MSX Assembly Page

MSX-AUDIO music keyboard

The MSX-AUDIO Y8950 sound chip has a function for an external keyboard. All three MSX-AUDIO modules, the Philips NMS-1205 Music Module, the Toshiba HX-MU900 MSX Music System and the Panasonic FS-CA1 MSX-Audio have a connector for these. The Toshiba and Panasonic’s connectors are compatible; the Philips connector differs from the others.

The keyboards available for the Toshiba and Panasonic modules are the 49-key Toshiba HX-MU901, the Yamaha YK-10, YK-20 and the YK-01 (44 keys). For their Music Module Philips offered a 61-key music keyboard, the NMS-1160. As said, this one is not compatible with the other modules, even though the connector fits the pins are connected differently. Modified Commodore keyboards are also often used.

Reading the keyboard

The keys can be read in a matrix structure of 8x8 bits, which is accessed through the MSX-AUDIO registers at I/O ports 0C0H (address) and 0C1H (data). The address port is write-only, the data port can be read or written to depending on the selected register. A 12 cycle wait (at 3.58 Mhz) is required after all address and data writes.

Note that the Panasonic module has a switch which lets it listen at 0C2H and 0C3H, allowing two modules to be connected at the same time; the Philips and Toshiba modules can also be modified to provide such a switch. You may want to support this, but for this article we will assume the standard ports.

Register I/O Description
05H Read Row bits, 0 = pressed.
See below for the bit/key mapping.
06H Write Row selection, 1 = selected.
Set bit 0 to select row 0, bit 1 to select row 1, etc.

Refer to the MSX-AUDIO application manual for more details on writing / reading register data.

The key matrix is as follows:

Toshiba HX-MU901 and Yamaha YK-01/10/20 matrix
Row 0C 2F#2F 2E 2---D#2D 2C#2
Row 1---C 3B 3A#3---A 3G#2G 2
Row 2---F#3F 3E 3---D#3D 3C#3
Row 3---C 4B 4A#4---A 4G#3G 3
Row 4---F#4F 4E 4---D#4D 4C#4
Row 5---C 5B 5A#5---A 5G#4G 4
Row 6---F#5F 5E 5---D#5D 5C#5
Row 7---C 6B 6A#6---A 6G#5G 5
Philips NMS-1160 matrix
Row 0G 2F#2F 2E 2D#2D 2C#2C 2
Row 1D#3D 3C#3C 3B 3A#3A 3G#2
Row 2B 4A#4A 4G#3G 3F#3F 3E 3
Row 3G 4F#4F 4E 4D#4D 4C#4C 4
Row 4D#5D 5C#5C 5B 5A#5A 5G#4
Row 5B 6A#6A 6G#5G 5F#5F 5E 5
Row 6G 6F#6F 6E 6D#6D 6C#6C 6
Row 7---------C 7B 7A#7A 7G#6

As you can see, unfortunately not only the connectors are different but so are the keyboard matrices. This means that in order to support both, you have to provide a means of selecting which keyboard to use. This can be done in a menu, but can also be done by asking Toshiba and Yamaha keyboard users to press the highest note on their keyboard (C6). This bit is not available on the Philips, so if it gets flagged the software can recognise it is a Toshiba and switch automatically.

Who did it right? According to MSX-Datapack volume 2 section 4.1.4 (page 281), the Toshiba matrix is the official one. The MSX-AUDIO documentation describes yet another layout, but this is likely an editorial error.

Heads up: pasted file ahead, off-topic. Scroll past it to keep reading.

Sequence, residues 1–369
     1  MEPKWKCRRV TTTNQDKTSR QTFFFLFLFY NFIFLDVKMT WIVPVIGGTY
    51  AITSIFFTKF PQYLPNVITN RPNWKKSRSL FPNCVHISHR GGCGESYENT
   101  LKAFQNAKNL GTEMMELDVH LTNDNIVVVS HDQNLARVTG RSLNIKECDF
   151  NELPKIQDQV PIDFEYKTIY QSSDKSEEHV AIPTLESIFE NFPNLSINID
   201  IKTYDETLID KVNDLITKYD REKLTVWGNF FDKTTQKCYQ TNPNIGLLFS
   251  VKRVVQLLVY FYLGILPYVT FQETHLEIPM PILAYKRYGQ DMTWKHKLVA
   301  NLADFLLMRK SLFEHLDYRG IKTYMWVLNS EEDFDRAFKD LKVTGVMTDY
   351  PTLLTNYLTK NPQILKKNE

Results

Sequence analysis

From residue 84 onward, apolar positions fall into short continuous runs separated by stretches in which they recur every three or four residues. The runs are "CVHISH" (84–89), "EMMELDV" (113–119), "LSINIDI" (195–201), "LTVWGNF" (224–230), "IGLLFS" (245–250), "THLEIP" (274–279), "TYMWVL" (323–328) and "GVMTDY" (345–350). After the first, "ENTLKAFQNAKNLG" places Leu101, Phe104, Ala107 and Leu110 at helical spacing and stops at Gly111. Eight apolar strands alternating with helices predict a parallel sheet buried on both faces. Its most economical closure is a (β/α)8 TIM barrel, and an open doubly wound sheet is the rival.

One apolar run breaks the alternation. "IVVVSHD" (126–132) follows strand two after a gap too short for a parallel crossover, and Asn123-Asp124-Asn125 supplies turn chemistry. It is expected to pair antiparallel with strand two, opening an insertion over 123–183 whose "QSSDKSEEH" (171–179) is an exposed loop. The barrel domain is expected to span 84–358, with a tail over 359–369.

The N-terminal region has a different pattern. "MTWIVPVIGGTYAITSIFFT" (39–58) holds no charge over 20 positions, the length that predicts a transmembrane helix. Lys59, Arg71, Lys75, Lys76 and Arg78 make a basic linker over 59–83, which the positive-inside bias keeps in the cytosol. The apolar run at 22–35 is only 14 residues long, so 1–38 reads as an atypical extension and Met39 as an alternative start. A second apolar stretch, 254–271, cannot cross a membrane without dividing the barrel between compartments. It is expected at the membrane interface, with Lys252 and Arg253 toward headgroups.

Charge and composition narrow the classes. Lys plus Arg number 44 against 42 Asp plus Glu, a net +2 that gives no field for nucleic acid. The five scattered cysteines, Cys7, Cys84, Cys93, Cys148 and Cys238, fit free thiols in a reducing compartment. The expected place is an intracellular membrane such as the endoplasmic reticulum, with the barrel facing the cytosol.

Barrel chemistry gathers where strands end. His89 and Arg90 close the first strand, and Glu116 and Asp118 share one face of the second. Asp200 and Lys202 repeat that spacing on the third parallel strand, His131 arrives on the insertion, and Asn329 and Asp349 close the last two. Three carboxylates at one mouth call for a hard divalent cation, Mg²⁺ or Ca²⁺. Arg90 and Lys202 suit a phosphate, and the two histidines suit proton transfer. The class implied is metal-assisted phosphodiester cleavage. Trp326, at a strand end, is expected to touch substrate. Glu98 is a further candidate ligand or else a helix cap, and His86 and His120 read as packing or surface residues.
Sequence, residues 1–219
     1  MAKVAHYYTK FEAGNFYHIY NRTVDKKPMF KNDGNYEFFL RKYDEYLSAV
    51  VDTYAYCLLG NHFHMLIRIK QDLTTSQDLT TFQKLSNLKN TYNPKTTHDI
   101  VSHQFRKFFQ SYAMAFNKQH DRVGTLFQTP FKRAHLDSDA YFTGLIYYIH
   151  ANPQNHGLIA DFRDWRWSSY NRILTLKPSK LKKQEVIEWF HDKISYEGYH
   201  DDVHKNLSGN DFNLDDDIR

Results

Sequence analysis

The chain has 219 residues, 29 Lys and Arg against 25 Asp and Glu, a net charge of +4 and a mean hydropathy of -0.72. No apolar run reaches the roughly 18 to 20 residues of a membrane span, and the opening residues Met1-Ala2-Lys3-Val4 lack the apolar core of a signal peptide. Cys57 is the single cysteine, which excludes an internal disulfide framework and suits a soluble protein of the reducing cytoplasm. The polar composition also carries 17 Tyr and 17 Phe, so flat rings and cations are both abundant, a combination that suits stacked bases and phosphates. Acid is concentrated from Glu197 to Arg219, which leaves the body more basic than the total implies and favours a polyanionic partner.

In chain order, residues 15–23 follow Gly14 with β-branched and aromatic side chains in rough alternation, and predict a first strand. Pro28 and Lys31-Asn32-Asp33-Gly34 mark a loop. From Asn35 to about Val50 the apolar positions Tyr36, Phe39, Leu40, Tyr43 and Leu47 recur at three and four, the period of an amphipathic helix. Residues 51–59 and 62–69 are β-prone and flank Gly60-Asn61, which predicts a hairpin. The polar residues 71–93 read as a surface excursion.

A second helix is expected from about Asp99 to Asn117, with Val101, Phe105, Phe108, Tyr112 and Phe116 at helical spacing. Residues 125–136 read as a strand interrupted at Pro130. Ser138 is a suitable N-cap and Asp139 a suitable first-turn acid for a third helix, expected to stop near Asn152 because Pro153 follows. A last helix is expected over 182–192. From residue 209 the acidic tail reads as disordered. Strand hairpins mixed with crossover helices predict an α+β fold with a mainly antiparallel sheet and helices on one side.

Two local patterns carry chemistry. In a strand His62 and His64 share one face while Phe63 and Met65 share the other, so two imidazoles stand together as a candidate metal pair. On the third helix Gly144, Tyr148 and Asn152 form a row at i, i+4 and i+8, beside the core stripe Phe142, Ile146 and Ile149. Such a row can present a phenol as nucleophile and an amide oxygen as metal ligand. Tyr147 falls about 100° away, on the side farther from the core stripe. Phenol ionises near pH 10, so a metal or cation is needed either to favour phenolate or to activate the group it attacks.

As an aside, because the row selection is not exclusive, if multiple rows are selected the pressed notes will overlap each other. This can be used to do a quick check if any notes are pressed at all, and if not, skip the remaining processing.

The Toshiba HX-MU901’s Multi Sensor

Above the keybed, Toshiba also has a “Multi Sensor” with a capacitive ribbon control and two capacitive ENTER and STOP buttons. You might have pressed these and noticed that 8 keys will be flagged at a time. This is because these controls are on two additional rows, which are selected by default.

These two rows are controlled through the MSX-AUDIO’s “general purpose I/O ports”. These aren’t Z80 I/O ports but rather four additional I/O bits which can be accessed through MSX-AUDIO registers 18H and 19H. Toshiba uses bits 0 and 1 to select rows 8 and 9, which can then be read from register 05H.

Register I/O Description
18H Write General purpose I/O port direction control. Default: 0.
Use 00000011B to set the direction of ports 0 and 1 to output.
If an output port is set to input, it will always output 1.
19H Write General purpose I/O port data output.
Set bits 0 and 1 to select matrix rows 8 and 9.
05H Read Row bits, 0 = pressed.
See below for the bit/key mapping.

Whether these additional row bits are also hooked up on the Panasonic module, I don’t know. Also, on the Philips module bits 0 and 3 are used for different purposes (8-bit DAC enable and DAC/Y8950 output select), so you may want to avoid setting them if a Toshiba keyboard was not detected.

The additional matrix rows are as follows:

Toshiba HX-MU901 Multi Sensor matrix
Row 8Ribbon 1ENTERSTOPRibbon 6Ribbon 5Ribbon 4Ribbon 3Ribbon 2
Row 9Ribbon 7------Ribbon 12Ribbon 11Ribbon 10Ribbon 9Ribbon 8

The ribbon is divided into twelve sections, and each section can be pressed individually. So if you want to use it as a linear control you will probably want to average the values.

Also worth noting that there are enough unused bits in the normal key matrix, so technically there would have been no need to introduce these two additional rows.